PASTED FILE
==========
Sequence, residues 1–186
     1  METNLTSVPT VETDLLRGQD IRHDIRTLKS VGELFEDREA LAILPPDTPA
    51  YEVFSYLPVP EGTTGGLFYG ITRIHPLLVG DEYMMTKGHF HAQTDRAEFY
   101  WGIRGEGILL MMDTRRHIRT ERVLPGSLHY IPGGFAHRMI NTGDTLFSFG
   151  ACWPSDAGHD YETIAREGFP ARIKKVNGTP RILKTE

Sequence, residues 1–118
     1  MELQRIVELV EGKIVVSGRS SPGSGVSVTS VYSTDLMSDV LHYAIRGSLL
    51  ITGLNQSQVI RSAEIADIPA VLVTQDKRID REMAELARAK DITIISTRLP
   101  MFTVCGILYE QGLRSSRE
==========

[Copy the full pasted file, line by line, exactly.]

Sequence, residues 1–186
     1  METNLTSVPT VETDLLRGQD IRHDIRTLKS VGELFEDREA LAILPPDTPA
    51  YEVFSYLPVP EGTTGGLFYG ITRIHPLLVG DEYMMTKGHF HAQTDRAEFY
   101  WGIRGEGILL MMDTRRHIRT ERVLPGSLHY IPGGFAHRMI NTGDTLFSFG
   151  ACWPSDAGHD YETIAREGFP ARIKKVNGTP RILKTE

Sequence, residues 1–118
     1  MELQRIVELV EGKIVVSGRS SPGSGVSVTS VYSTDLMSDV LHYAIRGSLL
    51  ITGLNQSQVI RSAEIADIPA VLVTQDKRID REMAELARAK DITIISTRLP
   101  MFTVCGILYE QGLRSSRE